I am sorry, but there is so much anger in me after all of these years, If I sound too caustic, please understand.

    Thank you for listening.

  18. Natasha you are dead right.Integration seems to be the biggest issue with the people i’ve spoken to and you should certainly be given credit for fitting into uk life.(or a medal even!).The biggest problem is that the British people also need educating in politeness,civility and learning to treat foreign people as guests rather than second rate citizens.It’s a two way thing.People need to feel welcome before they can begin to adapt.I’m inclined to blame the media and gutter press for adversely influencing people’s opinions on immigration.
    i truly hope things come right for you.It sounds a very deserving case

  19. Thank you, A, for your kind words, I hope your partner gets a positive decision as well.

    I agree that there is a problem in how some British people treat newcomers. And I agree that the media is to blame for lots of things. I remember some articles which appeared in tabloids, like – asylum seekers eat swans, or asylum seekers are given mobile phones, there was something about donkeys as well, cannot remember.
    But, I blame the government more. British jobs for British people, Mr B says. Or that guy Woolas with lots of hate inducing statements. Or Blunket in the past. and many more.
    One example, the common statement of the government and HO – UKBA will get tough on immigration – this sends the message to people that immigration and immigrants are bad. All different kinds of immigration categories are put together. plus, journalists quite often don’t know much about immigration and use improper terms to perpetuate the confusion.

    But the government and people in power don’t only talk, unfortunately, they put in place bad policies. laws and rules.
    No right to work for asylum seekers for years can only alienate them from the main society. If they are allowed to stay in the end, it may take some or many years to get them into work again. Not being able to work is not healthy, and it is a bar for people to properly integrate.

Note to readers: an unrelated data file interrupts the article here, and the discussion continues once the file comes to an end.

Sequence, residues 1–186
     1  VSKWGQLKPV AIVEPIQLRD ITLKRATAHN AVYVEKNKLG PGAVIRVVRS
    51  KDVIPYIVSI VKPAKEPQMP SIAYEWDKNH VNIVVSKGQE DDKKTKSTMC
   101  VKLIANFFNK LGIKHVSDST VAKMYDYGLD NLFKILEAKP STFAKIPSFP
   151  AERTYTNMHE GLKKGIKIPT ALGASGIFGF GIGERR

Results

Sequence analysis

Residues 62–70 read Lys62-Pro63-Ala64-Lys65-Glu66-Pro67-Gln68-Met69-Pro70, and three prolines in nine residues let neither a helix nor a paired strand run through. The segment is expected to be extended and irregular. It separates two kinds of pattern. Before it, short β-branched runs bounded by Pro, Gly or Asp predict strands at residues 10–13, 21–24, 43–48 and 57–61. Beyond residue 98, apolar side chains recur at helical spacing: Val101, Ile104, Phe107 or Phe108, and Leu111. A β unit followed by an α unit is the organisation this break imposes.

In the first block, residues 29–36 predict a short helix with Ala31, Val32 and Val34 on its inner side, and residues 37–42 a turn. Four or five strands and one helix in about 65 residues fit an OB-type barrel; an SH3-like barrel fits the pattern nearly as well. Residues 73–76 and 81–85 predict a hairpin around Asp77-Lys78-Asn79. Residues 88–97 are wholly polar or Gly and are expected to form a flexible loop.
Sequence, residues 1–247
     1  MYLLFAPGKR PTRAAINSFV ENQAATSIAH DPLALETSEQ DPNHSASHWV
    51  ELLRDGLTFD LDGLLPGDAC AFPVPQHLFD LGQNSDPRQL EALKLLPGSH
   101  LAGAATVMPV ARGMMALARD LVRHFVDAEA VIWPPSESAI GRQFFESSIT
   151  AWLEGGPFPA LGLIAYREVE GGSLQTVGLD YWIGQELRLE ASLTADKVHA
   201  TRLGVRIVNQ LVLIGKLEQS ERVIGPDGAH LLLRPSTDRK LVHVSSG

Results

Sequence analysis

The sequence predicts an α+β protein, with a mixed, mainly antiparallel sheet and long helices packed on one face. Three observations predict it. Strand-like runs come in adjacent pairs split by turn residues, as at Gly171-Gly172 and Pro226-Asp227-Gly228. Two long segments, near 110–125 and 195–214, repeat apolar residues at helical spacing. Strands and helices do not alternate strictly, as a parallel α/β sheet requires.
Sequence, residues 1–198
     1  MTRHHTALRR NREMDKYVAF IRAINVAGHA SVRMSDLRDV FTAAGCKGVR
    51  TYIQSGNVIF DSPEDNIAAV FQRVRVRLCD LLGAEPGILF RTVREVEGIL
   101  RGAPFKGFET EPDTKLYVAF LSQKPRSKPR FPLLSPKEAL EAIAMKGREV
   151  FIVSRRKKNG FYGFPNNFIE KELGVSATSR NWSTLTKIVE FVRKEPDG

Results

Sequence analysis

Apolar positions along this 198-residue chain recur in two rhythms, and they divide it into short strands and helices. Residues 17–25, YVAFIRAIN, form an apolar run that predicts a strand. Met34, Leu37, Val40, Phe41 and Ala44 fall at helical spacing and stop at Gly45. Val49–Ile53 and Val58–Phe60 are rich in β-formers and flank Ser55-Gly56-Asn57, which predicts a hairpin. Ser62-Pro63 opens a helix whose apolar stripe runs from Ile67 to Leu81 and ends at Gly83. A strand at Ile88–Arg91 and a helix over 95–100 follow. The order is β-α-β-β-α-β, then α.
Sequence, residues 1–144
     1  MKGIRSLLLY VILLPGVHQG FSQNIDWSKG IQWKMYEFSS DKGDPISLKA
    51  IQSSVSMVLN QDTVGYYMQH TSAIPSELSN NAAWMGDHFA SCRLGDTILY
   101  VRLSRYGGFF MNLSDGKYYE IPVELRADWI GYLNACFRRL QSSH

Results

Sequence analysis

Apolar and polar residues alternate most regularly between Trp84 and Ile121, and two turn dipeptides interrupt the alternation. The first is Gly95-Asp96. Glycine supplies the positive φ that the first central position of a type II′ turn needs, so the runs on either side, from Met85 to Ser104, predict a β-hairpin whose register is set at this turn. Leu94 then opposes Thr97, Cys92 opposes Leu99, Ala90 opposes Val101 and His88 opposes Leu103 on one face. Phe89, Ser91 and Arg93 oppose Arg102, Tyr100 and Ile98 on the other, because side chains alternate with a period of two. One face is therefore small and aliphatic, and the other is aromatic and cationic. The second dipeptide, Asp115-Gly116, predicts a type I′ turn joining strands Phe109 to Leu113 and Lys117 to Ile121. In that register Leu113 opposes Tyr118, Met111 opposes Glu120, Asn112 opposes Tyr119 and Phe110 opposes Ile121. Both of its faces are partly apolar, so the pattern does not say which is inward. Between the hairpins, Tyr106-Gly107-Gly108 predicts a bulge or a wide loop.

20. It is a pity closer examination is not made of corrupt legal representatives who assist their clients to obtain false and fraudulent documents in support of their appeals. Who reproduce Home Office documents in their appea lbundles and charge large fees for this. Who do not know and understand the immigration rules and continue with hopeless cases for the fees they know they will obtain.

    Not all HOPOs are perfect but none are as corrupt as some legal firms regulated and unchallenged!

    1. I’ve permitted this comment and corrected the spelling a little. I assume you are referring to Woolas’ rant a few months ago, or perhaps the appalling piece of journalism that The Torygraph published a couple of weeks later based on a very old story from 2000 originally investigated and published by The Indie, but apparently based on some sort of Home Office briefing.

      Well, I’m sorry for your ignorance. I’ve never accused HOPOs of being corrupt and never would, I have to point out.

  21. Sorry about my spelling but when one has a rant these things happen.

    My comments are nothing to do with Woolas or the Indie but personal experience.

    I read with interest you thinking HOPOS are a waste of money but you clearly operate with an agenda and fixed mind set.

    Interestingly remind yourself of procedure rules and what should and what should not happen in court. 5 days to present bundles very rarely happens in my experience.

    Surely you agree that ILLEGAL immigration needs to be addressed? People who arrive illegally, avoid detection and are here purely for economic reasons need to be removed?… or do you?

    Another rant but surely thats what such blogs are for :)

    1. I’m not sure that I accept the desirability of borders at all, frankly. I sometimes wonder if what sounds now to many like an obviously wrong point of view might later be come to be seen as the humane and forward thinking position, perhaps comparable to those oddballs that considered blacks to be equal to whites or women to be equal to men. Discrimination on the basis of nationality seems as illogical to me as discrimination on the basis of race or for any other reason. National boundaries and nation states could be said to be an historical anomaly, and perhaps we will eventually revert to normality. Immigration law in the UK was 100 years old only three years ago, after all, and it wasn’t until the 1960s that serious immigration control was introduced.